PARIS -- In the heart of the historically Jewish Marais neighborhood here, down a small side street with little car traffic, sits the Agoudas Hakehilos Synagogue. Set back from the street behind iron bars, it is barely noticeable but for the three soldiers discreetly standing guard with automatic rifles slung across their chests in several doorways near the property.
After a series of coordinated terror attacks across Paris last Friday that left 129 dead and the stabbing of a Jewish teacher in Marseille by three men claiming allegiance to the Islamic State group, security was once again ramped up in the Marais and across the city, with several thousand more police on active patrol. The presence of law enforcement was visible as residents prepared for the Jewish Sabbath Friday, and some expressed hope that the recent violence would bring the Jewish community and the rest of France closer together, forming solidarity in the face of a common threat.
“Because of everything that’s happened, this is a place that’s patrolled closely by police and the military,” said Isaac Sellam, 76, a Jewish resident of the Marais. Sellam said that though there had been instances of anti-Semitic graffiti in the neighborhood in the 30 years he'd lived there, he felt that in general the French population was supportive of its Jewish communities. “The government has shown its solidarity with the Jewish people,” he said.
Residents of the Marais are no stranger to the threat of attack. Islamic extremists have long targeted Jews throughout the world, claiming the Israeli-Palestinian conflict as justification. The Marais has seen swastika graffiti and other signs of aggression, as well as rising tensions with the large Muslim population in France. More recently, soldiers have guarded Jewish temples throughout Paris after the Islamist terror attacks in January on the offices of satirical magazine Charlie Hebdo and a kosher supermarket left 12 dead. But with Friday's terror attacks targeting Paris as a whole, the danger that Jews have long known from jihadist terrorism became a threat to all the French, some said.
The chief rabbi of Paris declared his solidarity with all Parisians after the attacks, calling on Jews around the world to unite with France. France has Europe's largest population of Jews, and of Muslims.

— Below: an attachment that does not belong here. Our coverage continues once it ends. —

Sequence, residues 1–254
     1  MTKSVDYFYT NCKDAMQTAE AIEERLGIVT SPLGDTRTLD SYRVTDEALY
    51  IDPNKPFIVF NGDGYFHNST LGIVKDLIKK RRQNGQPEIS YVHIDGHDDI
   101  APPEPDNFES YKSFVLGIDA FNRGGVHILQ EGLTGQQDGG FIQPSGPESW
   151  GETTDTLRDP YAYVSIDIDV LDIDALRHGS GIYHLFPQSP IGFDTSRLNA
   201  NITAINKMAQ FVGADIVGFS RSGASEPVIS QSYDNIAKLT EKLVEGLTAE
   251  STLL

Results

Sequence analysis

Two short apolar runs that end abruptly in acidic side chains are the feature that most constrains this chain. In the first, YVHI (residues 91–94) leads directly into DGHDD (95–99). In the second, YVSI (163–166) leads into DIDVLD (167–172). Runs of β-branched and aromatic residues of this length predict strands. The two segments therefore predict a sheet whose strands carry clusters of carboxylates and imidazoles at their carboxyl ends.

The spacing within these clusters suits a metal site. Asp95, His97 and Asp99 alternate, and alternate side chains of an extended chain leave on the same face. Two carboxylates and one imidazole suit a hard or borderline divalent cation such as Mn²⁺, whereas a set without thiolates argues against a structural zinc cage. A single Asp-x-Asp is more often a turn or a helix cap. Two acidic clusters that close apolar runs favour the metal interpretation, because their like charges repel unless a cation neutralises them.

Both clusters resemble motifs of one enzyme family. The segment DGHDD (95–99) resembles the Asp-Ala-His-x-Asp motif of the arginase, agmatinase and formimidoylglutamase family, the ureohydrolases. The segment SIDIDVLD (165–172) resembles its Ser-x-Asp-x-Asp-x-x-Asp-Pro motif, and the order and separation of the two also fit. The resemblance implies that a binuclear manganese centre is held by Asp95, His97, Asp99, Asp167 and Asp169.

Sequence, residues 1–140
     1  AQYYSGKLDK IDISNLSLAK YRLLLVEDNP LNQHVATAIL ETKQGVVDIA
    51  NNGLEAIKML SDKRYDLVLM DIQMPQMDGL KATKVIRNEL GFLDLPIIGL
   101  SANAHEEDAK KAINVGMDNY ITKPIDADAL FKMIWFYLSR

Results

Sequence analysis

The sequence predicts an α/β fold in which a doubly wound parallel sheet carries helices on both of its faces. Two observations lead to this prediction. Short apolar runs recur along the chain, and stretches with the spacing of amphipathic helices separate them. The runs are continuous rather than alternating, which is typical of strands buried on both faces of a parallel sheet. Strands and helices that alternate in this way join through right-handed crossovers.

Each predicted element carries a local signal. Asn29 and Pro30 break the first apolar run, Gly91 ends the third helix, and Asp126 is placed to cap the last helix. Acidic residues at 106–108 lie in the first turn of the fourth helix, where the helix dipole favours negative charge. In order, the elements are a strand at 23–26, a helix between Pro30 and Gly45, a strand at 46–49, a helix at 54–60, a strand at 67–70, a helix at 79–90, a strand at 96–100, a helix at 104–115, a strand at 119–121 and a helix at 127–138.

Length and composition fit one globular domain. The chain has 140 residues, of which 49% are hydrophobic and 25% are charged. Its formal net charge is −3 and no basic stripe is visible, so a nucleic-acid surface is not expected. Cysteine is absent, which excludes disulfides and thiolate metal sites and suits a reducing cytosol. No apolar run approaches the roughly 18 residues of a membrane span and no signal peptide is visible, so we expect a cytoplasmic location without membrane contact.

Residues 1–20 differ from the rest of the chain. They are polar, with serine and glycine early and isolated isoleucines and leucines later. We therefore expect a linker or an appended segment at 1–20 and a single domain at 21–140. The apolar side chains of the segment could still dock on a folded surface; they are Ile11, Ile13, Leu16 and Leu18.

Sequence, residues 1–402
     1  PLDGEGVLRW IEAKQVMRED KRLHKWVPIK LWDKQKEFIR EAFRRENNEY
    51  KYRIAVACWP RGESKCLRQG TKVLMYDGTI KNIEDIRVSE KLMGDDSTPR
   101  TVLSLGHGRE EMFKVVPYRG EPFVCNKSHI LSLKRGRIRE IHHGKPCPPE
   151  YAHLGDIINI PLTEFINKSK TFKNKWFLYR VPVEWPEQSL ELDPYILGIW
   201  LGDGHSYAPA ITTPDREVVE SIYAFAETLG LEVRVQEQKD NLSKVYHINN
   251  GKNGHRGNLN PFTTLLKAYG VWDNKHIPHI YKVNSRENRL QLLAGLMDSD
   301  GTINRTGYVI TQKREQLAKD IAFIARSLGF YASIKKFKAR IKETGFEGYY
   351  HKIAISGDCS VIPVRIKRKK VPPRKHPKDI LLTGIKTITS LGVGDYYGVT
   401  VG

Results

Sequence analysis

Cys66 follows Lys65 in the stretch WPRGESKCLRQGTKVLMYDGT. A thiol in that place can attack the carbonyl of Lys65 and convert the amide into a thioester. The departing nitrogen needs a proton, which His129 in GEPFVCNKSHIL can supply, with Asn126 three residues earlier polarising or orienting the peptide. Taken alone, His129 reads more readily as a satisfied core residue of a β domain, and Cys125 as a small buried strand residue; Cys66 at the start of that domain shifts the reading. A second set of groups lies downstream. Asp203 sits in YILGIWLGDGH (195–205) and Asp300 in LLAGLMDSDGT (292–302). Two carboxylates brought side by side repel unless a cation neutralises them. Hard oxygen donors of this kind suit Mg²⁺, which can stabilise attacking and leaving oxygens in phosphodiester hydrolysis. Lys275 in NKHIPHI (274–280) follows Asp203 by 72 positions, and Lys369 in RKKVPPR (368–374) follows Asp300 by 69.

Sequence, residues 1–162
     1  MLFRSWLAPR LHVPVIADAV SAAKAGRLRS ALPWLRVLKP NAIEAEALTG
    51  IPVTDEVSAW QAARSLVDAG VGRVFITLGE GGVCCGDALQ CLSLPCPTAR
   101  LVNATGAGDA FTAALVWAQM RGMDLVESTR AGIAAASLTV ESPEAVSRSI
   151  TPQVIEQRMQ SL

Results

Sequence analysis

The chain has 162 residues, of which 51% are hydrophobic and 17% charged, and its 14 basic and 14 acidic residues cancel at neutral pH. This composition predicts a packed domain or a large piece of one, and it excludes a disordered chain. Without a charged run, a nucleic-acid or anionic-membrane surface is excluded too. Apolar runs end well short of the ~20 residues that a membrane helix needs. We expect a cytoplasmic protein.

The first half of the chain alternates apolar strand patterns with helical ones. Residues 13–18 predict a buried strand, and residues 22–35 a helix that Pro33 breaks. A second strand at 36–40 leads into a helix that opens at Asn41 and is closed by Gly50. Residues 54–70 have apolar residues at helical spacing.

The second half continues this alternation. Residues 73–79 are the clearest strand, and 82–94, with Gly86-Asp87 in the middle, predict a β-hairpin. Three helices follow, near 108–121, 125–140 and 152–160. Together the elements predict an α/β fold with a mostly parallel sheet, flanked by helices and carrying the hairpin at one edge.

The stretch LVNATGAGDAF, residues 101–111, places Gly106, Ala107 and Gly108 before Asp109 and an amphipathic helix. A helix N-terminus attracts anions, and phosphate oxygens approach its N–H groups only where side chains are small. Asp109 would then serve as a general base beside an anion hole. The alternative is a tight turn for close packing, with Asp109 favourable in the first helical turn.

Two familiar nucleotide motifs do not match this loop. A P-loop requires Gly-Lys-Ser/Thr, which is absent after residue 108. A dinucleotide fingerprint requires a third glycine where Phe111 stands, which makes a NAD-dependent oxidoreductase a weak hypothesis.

“[France must] heal its wounds, recover and move forward in a united way in order to fight against terrorism,” said Rabbi Haim Korsia.
Despite the police presence, the Marais is one of the quaintest neighborhoods in Paris, with falafel shops, kosher butchers and Jewish bakeries lining the cobblestone Rue des Rosiers in the center of the district. In the past several decades the neighborhood has transformed from a predominantly Jewish neighborhood into a trendy hub, where expensive designer boutiques fight for space among the older cafés and Hebrew bookstores.
At night, the streets grow louder and more boisterous, as gay bars and hipster cafés fill with young people. “It’s a neighborhood that’s packed on weekends, with lots of young people in the cafés," said Sellam. "I think they’re drawn to it because of the culture, too, the museums."
Eli Benayoun, 63, a local lawyer who was born and raised in the Marais, said he felt secure while also taking extra safety measures on his own. When asked whether he was afraid the Marais would be targeted next, he talked about his grown daughter who lives in Israel. “The fear here, it’s nothing like in Israel. It’s much harder over there,” he said.
Benayoun took precautions nonetheless to protect his nine other children, the youngest of whom is not yet 2 years old. “I put my children in a Jewish private school, and every day I take them to school and then I pick them up and take them home at the end of the day,” he said.
Residents throughout the neighborhood, both Jewish and not, acknowledged the extra safety measures in place, particularly through a visible police presence that has been expanded following the January murders and then again after Friday's assault.
One school teacher at the Jewish private school associated with Agoudas Hakehilos Synagogue said he felt relatively safe. “It’s more the French, the Europeans that are the target right now,” said the teacher, as he paced outside the school next to an armed French soldier. He preferred to remain anonymous for security reasons.
Sidney Masson, 23, who works in a café in the Marais while trying to break into the electronic dance music scene, said the neighborhood was extremely well patrolled. Masson, who is not Jewish, said he saw a solidarity growing between the Jewish community and the rest of Paris. “What has united us is that it wasn’t only Jews that were targeted by these attacks, it was everyone,” he said.
“These were human losses," said Masson, adding, "We are in solidarity with them, and [these attacks] did not affect just them.”